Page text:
It’s a universe in which Vince Foster’s death remains an open question, and Mrs. Clinton’s true, liberal core is taken for granted. It has its own stars, like Mr. Limbacher (whose NewsMax is its newspaper of record), and even its own Joe Klein.
Across the cover of “I’ve Always Been a Yankees Fan” is the following blurb: “A great collection—this could be Hillary’s Unfit for Command. — Joe Klein.”
“Joe Klein is the FrontPage Magazine contributor and author of Global Deception,” says World Ahead Publishing marketing director Judy Abarbanel.
Oh, that Joe Klein!
On the horizon is a second, thicker batch of Hillary books: New York Times investigative reporter Don Van Natta and his former colleague Jeff Gerth—chronicler of the Clintons’ Arkansas business dealings— have a biography due out from Little, Brown in the fall of 2007, for which they reportedly received a $1 million advance.
Washington biographer Sally Bedell Smith, author of the Kennedy chronicle Grace and Power, is writing a book about Bill and Hillary as President and First Lady— “a portrait of them in those years,” she told The Observer.
“The point of it is to deepen people’s understanding—and that’s important to me, and readers have responded to my books,” Ms. Bedell Smith said. “I think there is a market for it.”
Finally, there’s the mysterious Carl Bernstein biography of Mrs. Clinton, which the Watergate icon reportedly sold to Knopf in 1999 and which, according to the biography posted on his speaking agency’s Web site, was supposed to appear in 2003. It is still unreleased, and a spokesman for Knopf, Nicholas Latimer, tersely declined to offer a timetable for publication.
“The book has not been delivered,” he said. Mr. Bernstein didn’t respond to a message left with him at Vanity Fair, where he is a contributing editor.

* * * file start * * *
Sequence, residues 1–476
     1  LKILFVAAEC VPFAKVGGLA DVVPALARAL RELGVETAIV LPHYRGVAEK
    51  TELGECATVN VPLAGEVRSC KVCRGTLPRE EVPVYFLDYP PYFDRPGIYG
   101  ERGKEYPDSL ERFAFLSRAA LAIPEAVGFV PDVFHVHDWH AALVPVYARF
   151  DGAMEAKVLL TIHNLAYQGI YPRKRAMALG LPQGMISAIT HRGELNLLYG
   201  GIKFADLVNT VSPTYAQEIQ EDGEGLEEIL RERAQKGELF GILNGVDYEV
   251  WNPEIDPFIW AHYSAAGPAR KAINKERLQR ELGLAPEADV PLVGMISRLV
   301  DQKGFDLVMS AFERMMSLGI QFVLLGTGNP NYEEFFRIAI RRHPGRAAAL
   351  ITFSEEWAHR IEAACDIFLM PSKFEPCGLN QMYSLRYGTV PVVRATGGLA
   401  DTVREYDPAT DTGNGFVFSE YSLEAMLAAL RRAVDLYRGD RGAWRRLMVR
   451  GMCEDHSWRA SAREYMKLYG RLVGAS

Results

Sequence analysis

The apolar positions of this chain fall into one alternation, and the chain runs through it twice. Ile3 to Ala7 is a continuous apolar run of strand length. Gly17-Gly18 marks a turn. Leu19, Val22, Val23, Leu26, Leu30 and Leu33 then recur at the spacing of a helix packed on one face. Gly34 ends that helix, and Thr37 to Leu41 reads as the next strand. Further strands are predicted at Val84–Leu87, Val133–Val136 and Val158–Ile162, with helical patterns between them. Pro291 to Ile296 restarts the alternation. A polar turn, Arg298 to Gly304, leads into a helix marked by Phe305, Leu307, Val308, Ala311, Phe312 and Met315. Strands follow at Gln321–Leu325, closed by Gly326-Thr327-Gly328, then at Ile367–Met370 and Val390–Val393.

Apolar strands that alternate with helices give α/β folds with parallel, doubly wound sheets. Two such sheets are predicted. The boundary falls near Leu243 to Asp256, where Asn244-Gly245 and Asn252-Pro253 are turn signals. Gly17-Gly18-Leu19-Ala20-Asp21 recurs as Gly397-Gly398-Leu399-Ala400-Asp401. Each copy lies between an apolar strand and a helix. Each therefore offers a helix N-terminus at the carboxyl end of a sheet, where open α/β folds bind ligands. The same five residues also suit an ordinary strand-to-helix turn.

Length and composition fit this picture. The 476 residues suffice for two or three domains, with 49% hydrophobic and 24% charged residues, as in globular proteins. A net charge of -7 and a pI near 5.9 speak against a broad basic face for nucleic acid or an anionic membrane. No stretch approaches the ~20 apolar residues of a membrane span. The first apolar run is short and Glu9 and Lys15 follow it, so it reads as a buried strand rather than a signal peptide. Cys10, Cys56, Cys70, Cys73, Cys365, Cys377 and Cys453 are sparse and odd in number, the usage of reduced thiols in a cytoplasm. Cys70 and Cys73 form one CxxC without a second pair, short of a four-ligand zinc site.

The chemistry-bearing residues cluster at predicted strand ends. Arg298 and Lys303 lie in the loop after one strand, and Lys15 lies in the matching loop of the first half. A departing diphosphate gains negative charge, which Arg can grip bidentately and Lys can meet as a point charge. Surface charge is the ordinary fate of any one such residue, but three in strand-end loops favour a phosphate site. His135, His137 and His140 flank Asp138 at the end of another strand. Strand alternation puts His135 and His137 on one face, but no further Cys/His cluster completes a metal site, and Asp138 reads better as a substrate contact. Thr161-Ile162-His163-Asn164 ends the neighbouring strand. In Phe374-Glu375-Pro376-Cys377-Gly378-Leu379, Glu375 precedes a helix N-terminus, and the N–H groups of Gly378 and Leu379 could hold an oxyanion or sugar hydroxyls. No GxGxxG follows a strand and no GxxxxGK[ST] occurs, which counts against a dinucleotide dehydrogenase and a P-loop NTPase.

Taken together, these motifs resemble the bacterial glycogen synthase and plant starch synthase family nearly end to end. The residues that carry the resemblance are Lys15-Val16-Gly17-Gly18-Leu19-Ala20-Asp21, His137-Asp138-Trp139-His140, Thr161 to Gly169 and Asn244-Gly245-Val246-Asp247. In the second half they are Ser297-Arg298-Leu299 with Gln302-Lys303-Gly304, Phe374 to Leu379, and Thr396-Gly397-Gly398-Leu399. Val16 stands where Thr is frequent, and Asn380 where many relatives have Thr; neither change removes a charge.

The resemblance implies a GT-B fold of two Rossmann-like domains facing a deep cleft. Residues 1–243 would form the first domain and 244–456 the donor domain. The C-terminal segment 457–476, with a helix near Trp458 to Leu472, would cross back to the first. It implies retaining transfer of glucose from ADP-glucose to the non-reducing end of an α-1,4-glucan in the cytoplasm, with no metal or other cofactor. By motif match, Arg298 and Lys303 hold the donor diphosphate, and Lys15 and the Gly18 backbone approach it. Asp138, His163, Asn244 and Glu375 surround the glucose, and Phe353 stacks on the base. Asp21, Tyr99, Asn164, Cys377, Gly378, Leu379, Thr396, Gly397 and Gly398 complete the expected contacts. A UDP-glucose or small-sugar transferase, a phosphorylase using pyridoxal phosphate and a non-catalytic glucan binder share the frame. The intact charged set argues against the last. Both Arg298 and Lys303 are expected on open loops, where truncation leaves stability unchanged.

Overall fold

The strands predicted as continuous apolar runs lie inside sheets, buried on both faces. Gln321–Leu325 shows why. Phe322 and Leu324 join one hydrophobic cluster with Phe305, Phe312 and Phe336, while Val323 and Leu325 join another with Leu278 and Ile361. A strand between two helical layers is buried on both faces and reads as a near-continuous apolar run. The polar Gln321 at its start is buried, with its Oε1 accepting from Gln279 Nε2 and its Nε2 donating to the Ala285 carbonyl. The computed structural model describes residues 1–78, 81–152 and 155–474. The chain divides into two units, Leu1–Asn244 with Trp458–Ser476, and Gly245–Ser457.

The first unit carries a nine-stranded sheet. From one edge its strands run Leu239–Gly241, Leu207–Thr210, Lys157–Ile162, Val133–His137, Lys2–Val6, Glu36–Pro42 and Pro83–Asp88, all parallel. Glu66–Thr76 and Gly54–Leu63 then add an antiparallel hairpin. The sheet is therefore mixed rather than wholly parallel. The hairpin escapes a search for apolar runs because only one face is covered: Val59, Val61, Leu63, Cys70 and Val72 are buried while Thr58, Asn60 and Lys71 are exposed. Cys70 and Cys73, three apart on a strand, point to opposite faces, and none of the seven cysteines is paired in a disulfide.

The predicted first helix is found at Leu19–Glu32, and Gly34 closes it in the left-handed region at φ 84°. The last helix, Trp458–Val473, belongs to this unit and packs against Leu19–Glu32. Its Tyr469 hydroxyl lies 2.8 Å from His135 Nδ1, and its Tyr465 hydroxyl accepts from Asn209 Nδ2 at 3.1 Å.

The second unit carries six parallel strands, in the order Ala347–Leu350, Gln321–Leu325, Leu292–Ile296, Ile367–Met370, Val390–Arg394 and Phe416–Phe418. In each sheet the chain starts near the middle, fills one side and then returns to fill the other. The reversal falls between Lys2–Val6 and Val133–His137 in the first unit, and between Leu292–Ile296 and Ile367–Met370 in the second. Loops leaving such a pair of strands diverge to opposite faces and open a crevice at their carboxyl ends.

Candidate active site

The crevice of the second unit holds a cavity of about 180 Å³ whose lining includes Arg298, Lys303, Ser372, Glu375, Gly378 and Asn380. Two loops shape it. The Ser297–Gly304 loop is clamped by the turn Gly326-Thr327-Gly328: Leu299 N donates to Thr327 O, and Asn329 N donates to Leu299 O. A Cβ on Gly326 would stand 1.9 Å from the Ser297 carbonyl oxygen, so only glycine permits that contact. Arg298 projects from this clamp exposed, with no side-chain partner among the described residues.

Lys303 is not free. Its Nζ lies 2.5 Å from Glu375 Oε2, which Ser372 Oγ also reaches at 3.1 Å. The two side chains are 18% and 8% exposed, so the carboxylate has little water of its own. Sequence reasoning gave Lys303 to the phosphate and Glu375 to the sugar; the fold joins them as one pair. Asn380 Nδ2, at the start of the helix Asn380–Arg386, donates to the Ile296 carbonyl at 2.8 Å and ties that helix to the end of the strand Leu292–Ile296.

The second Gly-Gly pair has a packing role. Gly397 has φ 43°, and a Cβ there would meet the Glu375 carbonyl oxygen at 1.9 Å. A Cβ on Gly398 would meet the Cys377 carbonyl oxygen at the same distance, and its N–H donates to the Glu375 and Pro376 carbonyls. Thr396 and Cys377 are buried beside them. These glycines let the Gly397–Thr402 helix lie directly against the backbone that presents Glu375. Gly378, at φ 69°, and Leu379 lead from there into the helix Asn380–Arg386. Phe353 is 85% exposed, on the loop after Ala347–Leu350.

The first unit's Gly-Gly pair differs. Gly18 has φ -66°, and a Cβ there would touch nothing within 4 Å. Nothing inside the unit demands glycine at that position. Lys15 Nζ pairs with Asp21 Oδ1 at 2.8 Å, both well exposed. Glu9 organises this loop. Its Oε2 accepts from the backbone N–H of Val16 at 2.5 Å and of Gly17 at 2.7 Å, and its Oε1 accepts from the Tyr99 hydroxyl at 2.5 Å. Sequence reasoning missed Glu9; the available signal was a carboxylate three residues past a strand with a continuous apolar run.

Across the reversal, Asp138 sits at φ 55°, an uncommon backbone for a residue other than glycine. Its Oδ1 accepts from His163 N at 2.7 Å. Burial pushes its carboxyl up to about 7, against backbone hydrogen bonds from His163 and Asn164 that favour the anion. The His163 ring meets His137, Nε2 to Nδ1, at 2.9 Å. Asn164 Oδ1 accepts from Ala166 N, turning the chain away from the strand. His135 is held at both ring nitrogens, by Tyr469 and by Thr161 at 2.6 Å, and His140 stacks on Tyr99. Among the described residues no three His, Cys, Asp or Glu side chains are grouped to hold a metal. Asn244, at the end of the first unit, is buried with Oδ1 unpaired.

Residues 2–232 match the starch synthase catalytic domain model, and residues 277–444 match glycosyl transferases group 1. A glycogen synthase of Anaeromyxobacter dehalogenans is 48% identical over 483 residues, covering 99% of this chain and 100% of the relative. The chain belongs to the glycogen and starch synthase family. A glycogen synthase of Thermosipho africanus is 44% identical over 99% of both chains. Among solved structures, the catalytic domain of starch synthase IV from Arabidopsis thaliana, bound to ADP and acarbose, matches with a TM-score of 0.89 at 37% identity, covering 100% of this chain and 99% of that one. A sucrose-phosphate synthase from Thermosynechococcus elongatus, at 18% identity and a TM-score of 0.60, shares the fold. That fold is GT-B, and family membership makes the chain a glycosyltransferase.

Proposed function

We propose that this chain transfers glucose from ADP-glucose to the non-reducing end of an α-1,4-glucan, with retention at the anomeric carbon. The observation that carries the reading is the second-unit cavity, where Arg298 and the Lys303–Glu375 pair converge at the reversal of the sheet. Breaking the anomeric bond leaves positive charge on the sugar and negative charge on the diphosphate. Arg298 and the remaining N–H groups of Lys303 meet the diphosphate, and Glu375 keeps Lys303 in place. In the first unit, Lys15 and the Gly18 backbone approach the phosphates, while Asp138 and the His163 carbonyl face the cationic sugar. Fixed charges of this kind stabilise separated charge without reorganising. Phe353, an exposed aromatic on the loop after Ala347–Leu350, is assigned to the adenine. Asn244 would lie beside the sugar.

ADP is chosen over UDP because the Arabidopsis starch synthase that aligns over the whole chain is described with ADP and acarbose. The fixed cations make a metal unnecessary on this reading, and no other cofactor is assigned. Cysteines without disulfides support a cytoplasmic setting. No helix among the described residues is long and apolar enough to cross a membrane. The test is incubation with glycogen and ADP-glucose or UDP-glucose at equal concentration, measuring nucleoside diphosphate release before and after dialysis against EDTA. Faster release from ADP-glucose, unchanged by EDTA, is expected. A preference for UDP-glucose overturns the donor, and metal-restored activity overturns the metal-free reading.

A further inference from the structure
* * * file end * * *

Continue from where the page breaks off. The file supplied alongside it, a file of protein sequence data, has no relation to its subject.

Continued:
Another nonpartisan volume is due out this fall from Washington Post political editor John Harris, author of a recent biography of Bill Clinton, and the chief of ABC News’ political operation, Mark Halperin. Published by Random House, its subject is American politics and the two dominant political families, the Bushes and the Clintons, according to a person familiar with the book.
The power of Mrs. Clinton’s name at the moment—“She is the only star in American politics except for the President,” says Mr. Podhoretz—is such that publishers, when possible, jam her name into the subtitle of books only tangentially related to her. That’s apparently the case with Mr. Horowitz’s forthcoming dispatch from the culture wars, and it is also the case for a forthcoming volume by National Review’s Jonah Goldberg, scheduled to come out next March. Its title: Liberal Fascism: The Totalitarian Temptation from Mussolini to Hillary Clinton.
A press release from the publisher says that the book “reveals that the original fascists were really on the left” (though, come to think of it, they weren’t all that nice to the Communists); it does not, however, focus on Mrs. Clinton, Mr. Goldberg said.